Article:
Adobe to rush out Flash Player patch to thwart zero-day attacks

Another in-the-wild zero-day attack prompts an urgent Flash Player patch from Adobe.
Written by Ryan Naraine, Contributor

[ UPDATE: The update is live. Here's a link with more details]

Adobe is planning to rush out a critical Flash Player patch later today (September 21, 2011) to fix security holes that are being used in targeted zero-day attacks.

According to Adobe, the Flash Player update will address critical security issues in the product as well as an importantuniversal cross-site scripting issue that is reportedly being exploited in the wild in targeted attacks.

The company is expected to fix at least 16 documented vulnerabilities, some critical enough to expose Windows and Mac users to code execution attacks via Flash files hosted on Web pages.

The Adobe patch comes a day after Google shipped a Chrome update that "includes an update to Flash Player that addresses a zero-day vulnerability."

Details on the targeted zero-day attacks are not yet available but it's clear these types of attacks are happening at a very high level.

Just this week at the United Security Summit, Adobe security chief Brad Arkin said the company's main adversaries are state-sponsored actors.

From Threatpost's Dennis Fisher:

"In the last eighteen months, the only zero days found in our software have been found by what Dave Aitel would call carrier-class adversaries," Arkin said in his keynote speech at the United Security Summit here Tuesday. "These are the groups that have enough money to build an aircraft carrier. Those are our adversaries."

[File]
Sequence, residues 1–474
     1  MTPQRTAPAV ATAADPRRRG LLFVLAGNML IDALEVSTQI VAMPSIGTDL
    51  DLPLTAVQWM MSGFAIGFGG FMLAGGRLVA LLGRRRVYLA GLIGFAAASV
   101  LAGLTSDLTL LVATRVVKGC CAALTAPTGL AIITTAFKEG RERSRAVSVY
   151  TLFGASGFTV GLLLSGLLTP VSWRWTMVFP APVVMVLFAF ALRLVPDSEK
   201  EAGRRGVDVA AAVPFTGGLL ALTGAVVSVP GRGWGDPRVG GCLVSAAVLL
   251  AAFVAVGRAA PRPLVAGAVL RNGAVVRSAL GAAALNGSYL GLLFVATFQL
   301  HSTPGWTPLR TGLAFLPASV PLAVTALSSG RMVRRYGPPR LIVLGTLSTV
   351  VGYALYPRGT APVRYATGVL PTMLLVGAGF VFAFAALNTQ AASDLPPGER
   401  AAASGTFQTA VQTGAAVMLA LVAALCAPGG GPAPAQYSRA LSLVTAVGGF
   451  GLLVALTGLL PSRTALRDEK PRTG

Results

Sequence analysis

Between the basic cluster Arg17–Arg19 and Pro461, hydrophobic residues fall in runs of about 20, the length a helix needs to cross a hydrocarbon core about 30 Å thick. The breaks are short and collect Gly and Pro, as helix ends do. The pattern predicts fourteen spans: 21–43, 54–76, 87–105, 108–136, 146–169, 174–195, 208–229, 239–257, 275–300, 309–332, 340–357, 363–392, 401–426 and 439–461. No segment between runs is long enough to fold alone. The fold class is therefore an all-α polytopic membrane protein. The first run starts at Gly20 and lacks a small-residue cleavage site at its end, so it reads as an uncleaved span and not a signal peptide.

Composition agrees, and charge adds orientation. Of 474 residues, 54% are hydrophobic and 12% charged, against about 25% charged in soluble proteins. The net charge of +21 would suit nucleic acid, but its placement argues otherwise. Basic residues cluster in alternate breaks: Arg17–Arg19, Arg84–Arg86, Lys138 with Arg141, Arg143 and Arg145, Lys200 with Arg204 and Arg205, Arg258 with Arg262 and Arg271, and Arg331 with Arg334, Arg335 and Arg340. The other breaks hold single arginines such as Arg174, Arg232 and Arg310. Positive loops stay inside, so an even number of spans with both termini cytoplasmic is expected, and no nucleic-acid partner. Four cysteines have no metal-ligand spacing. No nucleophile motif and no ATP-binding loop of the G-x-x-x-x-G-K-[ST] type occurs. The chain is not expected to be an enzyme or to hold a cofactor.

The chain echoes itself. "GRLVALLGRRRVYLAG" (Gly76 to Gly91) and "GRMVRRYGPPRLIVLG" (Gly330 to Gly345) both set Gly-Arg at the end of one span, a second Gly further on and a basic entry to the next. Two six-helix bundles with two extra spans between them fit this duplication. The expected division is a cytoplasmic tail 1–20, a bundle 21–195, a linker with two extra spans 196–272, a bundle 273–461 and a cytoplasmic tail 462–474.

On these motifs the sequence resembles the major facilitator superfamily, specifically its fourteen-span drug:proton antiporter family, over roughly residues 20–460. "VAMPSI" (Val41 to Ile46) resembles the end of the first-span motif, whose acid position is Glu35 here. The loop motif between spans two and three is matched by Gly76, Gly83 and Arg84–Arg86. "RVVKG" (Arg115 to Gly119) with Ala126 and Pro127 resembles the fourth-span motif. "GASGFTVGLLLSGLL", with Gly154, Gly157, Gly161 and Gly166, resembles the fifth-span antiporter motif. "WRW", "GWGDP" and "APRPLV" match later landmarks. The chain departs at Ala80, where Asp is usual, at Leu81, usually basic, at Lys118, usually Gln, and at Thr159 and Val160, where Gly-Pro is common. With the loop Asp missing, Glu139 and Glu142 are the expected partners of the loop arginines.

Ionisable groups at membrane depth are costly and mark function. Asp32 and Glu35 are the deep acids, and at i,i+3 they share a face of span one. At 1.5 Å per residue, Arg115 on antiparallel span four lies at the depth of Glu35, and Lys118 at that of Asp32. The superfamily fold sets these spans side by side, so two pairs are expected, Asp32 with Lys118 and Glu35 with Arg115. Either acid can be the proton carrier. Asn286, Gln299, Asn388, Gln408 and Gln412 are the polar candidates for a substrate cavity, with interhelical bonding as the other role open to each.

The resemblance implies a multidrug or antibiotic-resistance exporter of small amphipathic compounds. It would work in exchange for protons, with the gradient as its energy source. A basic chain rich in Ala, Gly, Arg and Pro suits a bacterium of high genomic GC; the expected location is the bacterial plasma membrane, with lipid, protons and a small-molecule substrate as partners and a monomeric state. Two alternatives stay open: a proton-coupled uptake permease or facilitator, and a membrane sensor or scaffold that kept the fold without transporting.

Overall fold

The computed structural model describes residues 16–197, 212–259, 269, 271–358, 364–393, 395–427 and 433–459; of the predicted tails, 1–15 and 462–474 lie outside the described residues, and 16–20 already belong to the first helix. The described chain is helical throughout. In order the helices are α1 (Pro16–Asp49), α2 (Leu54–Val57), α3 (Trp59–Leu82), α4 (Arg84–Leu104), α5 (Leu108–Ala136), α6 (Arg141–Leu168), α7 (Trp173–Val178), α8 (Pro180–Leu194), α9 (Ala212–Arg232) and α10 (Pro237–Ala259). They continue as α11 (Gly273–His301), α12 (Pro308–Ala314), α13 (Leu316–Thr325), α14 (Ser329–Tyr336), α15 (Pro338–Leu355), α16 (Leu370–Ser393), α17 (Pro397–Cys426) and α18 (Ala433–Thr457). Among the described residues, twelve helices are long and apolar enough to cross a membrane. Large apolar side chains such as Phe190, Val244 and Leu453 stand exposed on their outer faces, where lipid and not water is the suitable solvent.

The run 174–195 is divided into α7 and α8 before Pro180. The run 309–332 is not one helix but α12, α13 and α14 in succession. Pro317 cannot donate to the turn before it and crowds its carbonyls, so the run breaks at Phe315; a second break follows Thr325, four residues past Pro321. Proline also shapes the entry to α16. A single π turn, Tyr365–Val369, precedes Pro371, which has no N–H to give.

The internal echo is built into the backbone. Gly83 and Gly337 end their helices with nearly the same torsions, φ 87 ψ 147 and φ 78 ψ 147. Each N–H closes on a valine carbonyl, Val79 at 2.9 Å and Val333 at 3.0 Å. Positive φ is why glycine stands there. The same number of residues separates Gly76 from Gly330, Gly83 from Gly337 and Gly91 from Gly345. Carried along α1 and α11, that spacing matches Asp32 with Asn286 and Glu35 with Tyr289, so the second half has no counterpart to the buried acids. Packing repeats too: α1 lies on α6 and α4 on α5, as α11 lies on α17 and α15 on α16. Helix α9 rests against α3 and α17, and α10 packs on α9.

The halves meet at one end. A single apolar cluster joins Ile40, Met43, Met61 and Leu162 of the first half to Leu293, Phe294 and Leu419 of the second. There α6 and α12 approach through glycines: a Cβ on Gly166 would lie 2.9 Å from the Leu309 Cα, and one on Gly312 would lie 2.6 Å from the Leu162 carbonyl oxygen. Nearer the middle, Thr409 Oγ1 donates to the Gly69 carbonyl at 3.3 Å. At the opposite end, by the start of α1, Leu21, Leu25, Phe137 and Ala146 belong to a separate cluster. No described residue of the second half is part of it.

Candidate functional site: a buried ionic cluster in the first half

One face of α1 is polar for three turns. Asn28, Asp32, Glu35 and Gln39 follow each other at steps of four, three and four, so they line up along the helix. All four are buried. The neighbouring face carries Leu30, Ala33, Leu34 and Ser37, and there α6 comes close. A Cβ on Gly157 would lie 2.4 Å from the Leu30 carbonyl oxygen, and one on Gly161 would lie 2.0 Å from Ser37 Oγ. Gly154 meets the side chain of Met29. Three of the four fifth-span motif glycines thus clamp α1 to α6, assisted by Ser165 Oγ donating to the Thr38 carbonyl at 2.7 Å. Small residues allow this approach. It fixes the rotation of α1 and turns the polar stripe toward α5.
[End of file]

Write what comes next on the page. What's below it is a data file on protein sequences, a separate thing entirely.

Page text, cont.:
Arkin said that when a new attack involving a zero-day bug in one of Adobe's products starts, it typically will begin with attacks against a select group of high-profile organizations. That usually means defense contractors, government agencies or large financial services companies. Once the security teams at those organizations find and analyze the threat, Arkin said his team will begin getting a flurry of calls within an hour or two as the campaign hits.

From there, the attack will often then move down the ladder to other large enterprises and then smaller ones as the new exploit shows up in crimeware packs and automated attack tools. By that time, it's likely an entirely different set of attackers using the exploit. But it's the well-funder and highly skilled attackers who are doing the real heavy lifting in terms of finding new bugs and designing methods to exploit them.

"These samples trickle downhill really quickly and show up in crime packs," Arkin said. "The actual exploits it turns out are very, very expensive and difficult to build. Finding the flaw is a lot easier than writing the exploit. If you want to defend against the carrier-class adversary, it's a very different cost."

In addition to Flash Player, Adobe's PDF Reader and Acrobat software products are among the main targets for sophisticated attacks.

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